Full Circle

Dan Giddings, as a San Marino Little Leaguer.

He calls it sacred ground, high praise for an oft-trodden patch of land that has served countless different purposes over the decades, but to Dan Giddings, the it’s a declaration of respect, not a punch line.

“When I look around, I can remember the exact moments when I met people who are still among my best friends to this very day.”

Giddings is walking across the Major’s baseball field behind Huntington Middle School that served the same purpose forty years ago, when he was a player in San Marino’s beloved National Little League. He now joins a select few who have made the jump from San Marino Little Leaguer to San Marino Little League President. It’s a privilege he isn’t taking lightly.

“Having played here I believe gives me a unique perspective about what that it means to the experience of being a kid in San Marino,” said Giddings. “To ride your bike to the fields to play a game. Then ride your bike to watch your friend’s game. Spending the day with all your friends. Eating at the snack shack.”

Giddings then drifts off into nostalgia, a condition he hopes to reproduce for each of the more than 445 young people under his watch.

Giddings moved to San Marino in 1973 with an older brother, John, and his parents, Dr. John and Marilyn Giddings. At one time or another he attended all of San Marino’s four schools, graduating from SMHS in 1990. To say he excelled in athletics would give but a faint idea of the fact: He lettered in football, basketball and baseball, was a two-way starter on the Titans’ 1988 CIF championship football team and pitched in two CIF baseball championship games: A loss in Dodger Stadium and a win in Anaheim Stadium.

Much of his pedigree was developed on the same ballfields kids will inhabit on Saturday, February 23, when he oversees Opening Day. His 1984 Majors All-Star team won the District 17 championship and was among the first to be acknowledged on the Wall of Champions. And while there always exists the temptation to quantify the sport in terms of runs, hits and errors, Giddings uses a different barometer.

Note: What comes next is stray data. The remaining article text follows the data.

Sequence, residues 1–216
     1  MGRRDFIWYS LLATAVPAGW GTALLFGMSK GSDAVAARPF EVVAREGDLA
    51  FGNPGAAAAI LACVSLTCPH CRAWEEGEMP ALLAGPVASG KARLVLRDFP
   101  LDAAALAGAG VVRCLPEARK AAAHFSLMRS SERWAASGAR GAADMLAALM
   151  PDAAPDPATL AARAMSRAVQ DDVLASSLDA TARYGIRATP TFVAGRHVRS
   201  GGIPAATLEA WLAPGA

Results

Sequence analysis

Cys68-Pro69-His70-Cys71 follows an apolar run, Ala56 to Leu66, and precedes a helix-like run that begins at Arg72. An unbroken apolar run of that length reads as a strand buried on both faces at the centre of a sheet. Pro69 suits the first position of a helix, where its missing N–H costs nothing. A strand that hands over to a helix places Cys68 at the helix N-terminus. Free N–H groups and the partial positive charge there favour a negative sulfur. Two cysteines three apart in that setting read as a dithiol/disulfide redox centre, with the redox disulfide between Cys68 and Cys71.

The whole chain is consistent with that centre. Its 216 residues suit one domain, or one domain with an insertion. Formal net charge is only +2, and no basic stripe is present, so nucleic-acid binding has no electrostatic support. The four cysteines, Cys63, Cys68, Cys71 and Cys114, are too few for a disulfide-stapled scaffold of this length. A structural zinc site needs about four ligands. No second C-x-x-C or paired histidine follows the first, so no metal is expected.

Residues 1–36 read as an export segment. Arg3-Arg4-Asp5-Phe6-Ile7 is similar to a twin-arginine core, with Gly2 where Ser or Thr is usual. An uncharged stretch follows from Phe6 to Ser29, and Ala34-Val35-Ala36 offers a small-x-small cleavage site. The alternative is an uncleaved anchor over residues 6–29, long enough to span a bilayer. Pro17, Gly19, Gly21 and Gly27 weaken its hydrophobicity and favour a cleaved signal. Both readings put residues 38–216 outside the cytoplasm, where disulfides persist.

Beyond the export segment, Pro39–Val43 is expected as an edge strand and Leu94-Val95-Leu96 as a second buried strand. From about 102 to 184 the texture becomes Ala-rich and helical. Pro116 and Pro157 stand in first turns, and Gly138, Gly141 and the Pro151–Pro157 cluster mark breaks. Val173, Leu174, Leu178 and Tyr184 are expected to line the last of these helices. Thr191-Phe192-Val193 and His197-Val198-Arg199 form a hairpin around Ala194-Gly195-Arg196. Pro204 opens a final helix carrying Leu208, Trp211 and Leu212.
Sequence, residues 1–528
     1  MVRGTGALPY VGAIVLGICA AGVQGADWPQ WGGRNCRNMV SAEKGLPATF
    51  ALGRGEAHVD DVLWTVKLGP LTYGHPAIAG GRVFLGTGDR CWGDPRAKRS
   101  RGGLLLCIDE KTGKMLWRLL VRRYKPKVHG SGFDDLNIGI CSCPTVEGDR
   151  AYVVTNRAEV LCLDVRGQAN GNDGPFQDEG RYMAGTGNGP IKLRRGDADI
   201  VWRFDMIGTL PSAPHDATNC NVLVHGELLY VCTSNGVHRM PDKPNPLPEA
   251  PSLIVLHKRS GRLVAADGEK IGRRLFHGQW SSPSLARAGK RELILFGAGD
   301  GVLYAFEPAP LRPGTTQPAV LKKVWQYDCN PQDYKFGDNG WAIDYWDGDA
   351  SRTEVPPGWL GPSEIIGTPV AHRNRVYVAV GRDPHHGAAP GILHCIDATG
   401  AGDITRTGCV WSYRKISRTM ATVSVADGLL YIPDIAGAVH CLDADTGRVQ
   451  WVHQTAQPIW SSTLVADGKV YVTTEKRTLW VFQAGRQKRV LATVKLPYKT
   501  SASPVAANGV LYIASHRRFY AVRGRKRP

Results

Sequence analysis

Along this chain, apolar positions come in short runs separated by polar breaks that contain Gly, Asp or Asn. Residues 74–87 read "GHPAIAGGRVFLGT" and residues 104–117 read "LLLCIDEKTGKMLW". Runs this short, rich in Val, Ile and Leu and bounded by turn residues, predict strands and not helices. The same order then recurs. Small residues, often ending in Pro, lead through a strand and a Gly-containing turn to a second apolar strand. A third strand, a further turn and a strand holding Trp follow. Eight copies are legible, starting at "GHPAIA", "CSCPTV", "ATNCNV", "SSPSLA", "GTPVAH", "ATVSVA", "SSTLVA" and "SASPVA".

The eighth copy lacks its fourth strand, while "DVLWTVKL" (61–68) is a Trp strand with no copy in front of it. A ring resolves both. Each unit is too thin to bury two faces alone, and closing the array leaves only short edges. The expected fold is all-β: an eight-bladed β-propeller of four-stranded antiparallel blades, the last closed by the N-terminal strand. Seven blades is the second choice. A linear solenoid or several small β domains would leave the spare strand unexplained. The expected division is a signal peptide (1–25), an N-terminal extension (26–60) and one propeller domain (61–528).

“It’s really all about friendships,” he said. “It’s the lifelong friends, the bonds that you built. Being friends with kids who you might not be friends with except that you played on the same team. Your friends who crossover from public schools to private schools and the friendships that are developed in the stands between families. They are friendships that eventually cross the border lines into family.”

Giddings mentioned one such relationship that endures to this very day.

“One of my first coaches was Mitch Milias and I became friends with his son, Craig,” Giddings recalled. “We became very close and we were even in each others’ weddings. But that doesn’t mean we didn’t get into some fights out here,” he said, suddenly overcome with laughter.

Giddings and his wife, Cathy, have three children and all of them will be wearing Little League uniforms this spring. Tyler, 13, is an eighth grader at Huntington Middle School and will be playing High School Prep; Kayla is a 6th grader at HMS and is on a Softball Majors roster and Makenna, 5, is a kindergartner at Valentine and plays Coach Pitch Softball.

That sport, precisely, elicited a hint of pride from Giddings.

“We didn’t have enough softball players when Kayla was young and so some of the girls had to play baseball,” the Claremont McKenna grad and former baseball player said. “We went out and engaged in some guerilla marketing and here we are, five years later, with eleven teams. That is a number I am very proud of.”

Aside from that impressive accomplishment, Giddings said he has “a list” of goals.

One is to renovate the aforementioned Wall of Champions, but he has some other “building” in mind.

“I want to provide a platform to grow the league,” Giddings said. “I want to help our managers win as many all-star banners as we can, but I also want to continue the goals of previous Little League Presidents Sean Gill and Jay Fuerst, and that is to build a bridge to the next generation of leadership. I want to cast a wide net of volunteerism, to find people who have not been involved in the administration of the league. Pretty soon we are all going to be riding off into the sunset.”

When he does, Giddings hinted that he would like to be remembered by one name.

“Coach,” he said.

“The coolest thing is when you coach a kid and many years later, they might be on another team or you might see them somewhere away from the ballfield and they call you ‘coach,’” Giddings said. “That makes it all worthwhile.”


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